J.B. Markes has had a fascination with fantasy stories ever since his aunt bought him a copy of the Legend of Zelda, an 8-bit RPG game. He now writes in the genre and likes to add unexpected twists and a touch of humor. His latest novel, Necrospect is no exception, featuring a necromancer as the good guy, a world where magic has serious side effects and an interesting murder mystery. As our author of the day, Markes gives us a behind the scenes look at Necrospect, talks about his top-secret skills and reveals what he is working on now.
Please give us a short introduction to what Necrospect is about
Necrospect is a fun fantasy read set at a magic academy, but at its heart is a character-driven murder mystery. It follows a young wizard named Isabel, who is dying slowly from a rare magical illness. She seeks out Gustobald Pitch, the resident necromancer, in the hopes of finding a cure. Gustobald is on his own quest to solve a high-profile murder, which he hopes will bring a good name to the field of necromancy. They decide to work together to solve the mystery.
What inspired you to have a necromancer as a main character?
Necromancers are usually the bad guys. No offense to necromancers. It’s just how it is. It’s about time they get a little respect, isn’t it?
Necrospect is a dark fantasy, but you also include a lot of humor – why did you take this approach?
Necrospect doesn’t take itself too seriously, and that’s its greatest strength. There are many scenes that would be impossible to arrange in a serious dark fantasy. It’s difficult to create art that defies tropes and satisfies expectations at the same time. Whether or not I succeeded, it was fun to write, and hopefully fun to read.
Why fantasy? What appeals to you about the genre?
It often disappoints me when I see Science Fiction and Fantasy lumped into the same category. Whereas science fiction explores hypothetical situations and the resulting consequences of those what-if scenarios, fantasy focuses on the greatness within all of us. We need these stories to remind us what we can accomplish if we look for the strength we didn’t know we had. I’m a fan of many genres, but I grew up on fantasy and I couldn’t imagine writing anything else.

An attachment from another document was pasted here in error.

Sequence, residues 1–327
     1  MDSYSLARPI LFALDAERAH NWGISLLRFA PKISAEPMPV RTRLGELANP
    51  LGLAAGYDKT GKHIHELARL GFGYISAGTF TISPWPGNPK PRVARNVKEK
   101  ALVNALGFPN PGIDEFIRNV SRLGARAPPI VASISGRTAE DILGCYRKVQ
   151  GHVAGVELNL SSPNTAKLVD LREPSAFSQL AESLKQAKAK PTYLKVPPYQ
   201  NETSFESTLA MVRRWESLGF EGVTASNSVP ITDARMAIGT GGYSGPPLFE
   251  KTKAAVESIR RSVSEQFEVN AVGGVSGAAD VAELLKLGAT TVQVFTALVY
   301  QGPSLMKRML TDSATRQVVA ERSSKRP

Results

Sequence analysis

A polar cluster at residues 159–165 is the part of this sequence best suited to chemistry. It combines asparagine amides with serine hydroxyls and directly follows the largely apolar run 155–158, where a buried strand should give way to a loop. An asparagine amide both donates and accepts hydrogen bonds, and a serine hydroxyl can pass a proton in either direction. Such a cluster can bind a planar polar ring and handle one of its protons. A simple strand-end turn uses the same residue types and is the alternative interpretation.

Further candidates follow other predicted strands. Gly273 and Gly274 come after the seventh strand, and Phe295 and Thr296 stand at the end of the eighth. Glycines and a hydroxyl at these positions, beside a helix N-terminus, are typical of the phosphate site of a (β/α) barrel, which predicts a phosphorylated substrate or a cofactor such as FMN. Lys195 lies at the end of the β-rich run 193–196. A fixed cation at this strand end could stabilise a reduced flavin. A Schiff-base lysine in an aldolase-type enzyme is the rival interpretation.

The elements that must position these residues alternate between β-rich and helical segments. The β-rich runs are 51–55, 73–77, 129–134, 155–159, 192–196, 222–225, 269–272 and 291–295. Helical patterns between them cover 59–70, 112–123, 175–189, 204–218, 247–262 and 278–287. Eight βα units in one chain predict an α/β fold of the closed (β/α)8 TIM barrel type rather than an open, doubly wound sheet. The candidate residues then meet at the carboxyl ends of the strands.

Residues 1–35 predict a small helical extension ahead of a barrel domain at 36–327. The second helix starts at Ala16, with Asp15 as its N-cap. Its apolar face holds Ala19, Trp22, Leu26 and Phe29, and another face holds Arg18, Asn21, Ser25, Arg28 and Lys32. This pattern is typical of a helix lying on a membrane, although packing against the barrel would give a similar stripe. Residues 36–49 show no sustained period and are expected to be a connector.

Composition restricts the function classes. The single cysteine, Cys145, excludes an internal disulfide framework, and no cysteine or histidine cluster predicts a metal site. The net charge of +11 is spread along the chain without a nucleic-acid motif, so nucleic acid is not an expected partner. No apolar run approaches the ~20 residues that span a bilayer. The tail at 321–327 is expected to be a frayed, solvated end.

How did the old 8-bit RPG video games inspire your writing?
I got my first Nintendo as a Christmas gift. My aunt bought me a copy of the Legend of Zelda, which I think she must have purchased at random, but that game changed my eight-year-old life. We didn’t have the internet back then, so I had to explore and figure out all of the puzzles myself. Sometimes late in the game I got stuck and couldn’t find the way forward, so I just left the dungeon and explored the game world for months and months. Looking back, I marvel at my own patience as a child. But it was all about the adventure, and not so much beating the game. When I have a great idea for writing (or when I’m stuck), I try to take it slow, let it develop, and appreciate the adventure.
Did you always know you wanted to be an author?
I didn’t. I’ve only been serious about writing for about five years, but I had a few close calls in my teenage years. There may be a few stories of mine gathering digital dust on a dead hard drive somewhere. I hope no one ever finds them.
Besides writing, what other secret skills did you have?
Those are top-secret. If you find out, please let me know.
Greed and prejudice are two recurrent themes in this book. Why did you find this important to explore?
With a necromancer hero, prejudice is just unavoidable. It’s the same in everyday life. We have a primitive urge to fear the other and shun what we don’t understand. As humans, we have the ability to rise above that, suspending our judgments, and learning to appreciate each other for both our similarities and our differences.
As for greed, in my setting magic is like a drug. It affects your judgment and gets you high. The more you cast spells, the more you want to cast spells. If a wizard lacks discipline, he or she will lose control and the magic will destroy them, and yet people seek it. The desire for power makes people do crazy things.
If this book should get a movie adaptation, which actors would you like to see in the roles of Gustobald and Isabel?
I’ve been asked this question a few times. I always come up with nothing. To be honest, I’m a fan of new faces and I wouldn’t mind seeing a brand new actor/actress in the leading roles.
What are you working on right now?
Gustobald and Isabel are keeping me busy. I’m almost finished with a first-draft rewrite on the sequel. I’m also polishing a few short stories (unrelated to Necrospect) that I’ll be releasing soon and putting the finishing touches on The Heretic Queen, the final book of my For Queen or Country series.
Where can our readers discover more of your work or interact with you?
I’m notoriously lazy with my social media, but I can be reached at www.jbmarkes.com or on Goodreads.